Prof. Dr. Hannes Knapp – Member of the Board

© Peter Schmenger
© Peter Schmenger

Prof. Dr. Hannes Knapp, a geobotanist and landscape ecologist born in Rügen, is closely connected to EuroNatur for many years already, first by acting as a member of the EuroNatur Board of Trustees, and since 2016 as a member of the board. Protecting Europe’s last old-growth beech forests is among his heartfelt wishes. Hannes Knapp has been instrumental in making valuable beech forests in Germany, Ukraine and Slovakia UNESCO World Heritage sites. Among other awards, he received the Great Binding Prize in 2013 for his tireless efforts.

Hannes Knapp, who headed the International Academy for Nature Conservation of the Federal Agency for Nature Conservation on the island of Vilm from its foundation in 1990 until 2015, shares EuroNatur’s guiding theme of cross-border nature conservation. One of his declared aims is to establish a network for the protection of primeval and old beech forests in as many European countries as possible. Now retired, but still teaching as a honorary professor at the Institute of Botany and Landscape Ecology of the University of Greifswald, the forest conservationist works with great commitment to protect Romanian old-growth forests and supports – also on the ground – the campaign #SaveParadiseForests launched by EuroNatur and Romanian nature conservation NGO Agent Green.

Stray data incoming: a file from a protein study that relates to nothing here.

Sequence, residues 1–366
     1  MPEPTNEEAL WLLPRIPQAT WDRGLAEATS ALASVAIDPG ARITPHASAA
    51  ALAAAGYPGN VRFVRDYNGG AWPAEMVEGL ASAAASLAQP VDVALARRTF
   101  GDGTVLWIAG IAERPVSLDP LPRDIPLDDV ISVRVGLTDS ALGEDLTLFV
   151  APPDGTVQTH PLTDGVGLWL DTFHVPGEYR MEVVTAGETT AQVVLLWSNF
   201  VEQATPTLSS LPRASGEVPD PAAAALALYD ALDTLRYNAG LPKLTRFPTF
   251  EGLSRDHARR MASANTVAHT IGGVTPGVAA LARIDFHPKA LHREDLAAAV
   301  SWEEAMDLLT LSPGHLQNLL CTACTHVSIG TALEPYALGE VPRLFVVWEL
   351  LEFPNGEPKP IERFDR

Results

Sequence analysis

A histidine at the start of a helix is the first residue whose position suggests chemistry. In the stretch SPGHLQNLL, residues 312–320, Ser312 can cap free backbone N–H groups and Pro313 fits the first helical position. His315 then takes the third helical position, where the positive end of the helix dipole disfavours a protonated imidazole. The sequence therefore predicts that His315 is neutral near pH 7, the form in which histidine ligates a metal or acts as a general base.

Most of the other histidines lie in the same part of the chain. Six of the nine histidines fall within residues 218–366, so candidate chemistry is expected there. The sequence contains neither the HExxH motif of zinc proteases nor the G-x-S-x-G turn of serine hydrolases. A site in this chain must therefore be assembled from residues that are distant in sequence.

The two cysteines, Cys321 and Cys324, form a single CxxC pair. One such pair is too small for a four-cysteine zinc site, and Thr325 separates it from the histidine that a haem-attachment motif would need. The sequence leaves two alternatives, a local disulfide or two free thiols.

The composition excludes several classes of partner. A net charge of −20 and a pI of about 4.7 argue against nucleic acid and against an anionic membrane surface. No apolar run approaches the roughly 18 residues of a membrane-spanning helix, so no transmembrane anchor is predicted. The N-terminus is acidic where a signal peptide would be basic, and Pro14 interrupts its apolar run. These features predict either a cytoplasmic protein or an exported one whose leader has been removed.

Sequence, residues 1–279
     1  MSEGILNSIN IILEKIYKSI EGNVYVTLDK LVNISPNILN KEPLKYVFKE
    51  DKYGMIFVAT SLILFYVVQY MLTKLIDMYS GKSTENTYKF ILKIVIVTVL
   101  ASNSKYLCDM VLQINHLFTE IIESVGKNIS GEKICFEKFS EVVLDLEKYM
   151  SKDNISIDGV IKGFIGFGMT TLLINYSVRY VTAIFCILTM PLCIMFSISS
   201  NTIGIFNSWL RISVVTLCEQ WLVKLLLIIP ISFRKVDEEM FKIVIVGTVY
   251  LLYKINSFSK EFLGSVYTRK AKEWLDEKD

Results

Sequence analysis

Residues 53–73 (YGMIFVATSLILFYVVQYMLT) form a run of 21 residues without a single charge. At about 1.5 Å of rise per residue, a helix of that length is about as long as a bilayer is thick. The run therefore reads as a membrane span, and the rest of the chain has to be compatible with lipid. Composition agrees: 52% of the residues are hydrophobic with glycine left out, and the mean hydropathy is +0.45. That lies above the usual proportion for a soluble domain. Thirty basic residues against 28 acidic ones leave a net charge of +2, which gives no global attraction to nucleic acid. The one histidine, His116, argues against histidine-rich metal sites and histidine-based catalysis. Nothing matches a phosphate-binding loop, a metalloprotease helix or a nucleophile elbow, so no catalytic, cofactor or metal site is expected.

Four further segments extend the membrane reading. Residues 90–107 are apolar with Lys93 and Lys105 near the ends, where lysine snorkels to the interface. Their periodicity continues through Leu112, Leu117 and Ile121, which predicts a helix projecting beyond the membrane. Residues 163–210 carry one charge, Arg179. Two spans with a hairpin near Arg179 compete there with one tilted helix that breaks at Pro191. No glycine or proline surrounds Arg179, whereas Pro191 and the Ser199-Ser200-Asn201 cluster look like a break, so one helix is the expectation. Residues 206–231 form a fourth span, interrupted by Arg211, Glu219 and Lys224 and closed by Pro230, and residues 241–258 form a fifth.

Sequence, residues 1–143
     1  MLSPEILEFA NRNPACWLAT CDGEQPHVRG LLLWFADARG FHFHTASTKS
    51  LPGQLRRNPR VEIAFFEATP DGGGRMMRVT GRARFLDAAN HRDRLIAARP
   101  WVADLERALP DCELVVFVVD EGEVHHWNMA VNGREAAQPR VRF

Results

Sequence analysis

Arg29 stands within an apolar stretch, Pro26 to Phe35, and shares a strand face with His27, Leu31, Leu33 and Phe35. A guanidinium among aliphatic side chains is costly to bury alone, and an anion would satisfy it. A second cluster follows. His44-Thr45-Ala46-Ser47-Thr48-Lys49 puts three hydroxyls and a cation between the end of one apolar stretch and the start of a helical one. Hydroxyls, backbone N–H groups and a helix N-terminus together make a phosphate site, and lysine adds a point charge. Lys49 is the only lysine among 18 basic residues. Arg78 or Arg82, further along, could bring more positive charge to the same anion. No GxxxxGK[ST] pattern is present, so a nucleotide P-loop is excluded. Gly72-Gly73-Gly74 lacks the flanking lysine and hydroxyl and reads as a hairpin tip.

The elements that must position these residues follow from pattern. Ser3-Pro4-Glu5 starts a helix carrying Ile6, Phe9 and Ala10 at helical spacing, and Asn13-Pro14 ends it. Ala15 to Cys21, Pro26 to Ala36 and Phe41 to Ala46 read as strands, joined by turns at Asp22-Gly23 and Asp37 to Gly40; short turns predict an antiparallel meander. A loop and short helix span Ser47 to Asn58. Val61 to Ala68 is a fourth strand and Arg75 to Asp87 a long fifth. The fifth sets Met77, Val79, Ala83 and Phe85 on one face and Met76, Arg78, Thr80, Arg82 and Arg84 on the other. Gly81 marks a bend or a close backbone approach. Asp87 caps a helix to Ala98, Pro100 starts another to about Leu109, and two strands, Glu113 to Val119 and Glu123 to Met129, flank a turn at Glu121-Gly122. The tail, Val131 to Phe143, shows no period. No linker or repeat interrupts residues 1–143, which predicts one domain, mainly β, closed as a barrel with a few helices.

As one of the fathers of the GDR’s national park programme, Hannes Knapp is fully aware of the importance of valuable protected areas. “At the time of German reunification, there was the dictum of ‘family silver of German unity’. The primeval beech forests in Romania are the ‘golden treasure of the European Union’. This valuable treasure needs to be conserved, not exploited!”

Do you want to help?

Donation

Future needs nature. EuroNatur cares for it. Please use your possibilities to help. With your donation you will make an effective contribution to a more livable environment.

Learn more about our topics

Brown Bear

Seen as a predator with a sweet tooth, a much loved model for soft toys yet outlawed and hunted down as a blood-thirsty beast: the brown bear.

Lynx

Lithe and skillful, the lynx is a shy, lone hunter. If it is to survive in Europe and if the population is to be undisturbed enough to increase in number, intensive protection measures will be required.

Wolf

Mankind's relationship to the wolf is ambivalent – on the one hand the animal is admired as a skilled and untiring hunter but also ill-famed as Isengrim the bloodthirsty and persecuted.

Migratory birds

Always to be where living conditions are best: this is a luxury that only those with wings can afford.

Green Belt

Across 12 500 kilometres (over 7700 miles) the Green Belt stretches along the one-time Iron Curtain forming a corridor of habitats for an exceptional diversity of species.

Rivers in Europe

Where in Germany can you still find the original wild rivers? You'll need a magnifying glass. But in the Balkans such utopias still exist on a large scale, even today.

EuroNatur award

Environmental award since 1992.

Nature photo competition

International nature photography competition "Treasures of Nature in Europe". Join us - it's free!

By using our services, you agree that we use cookies. Data protection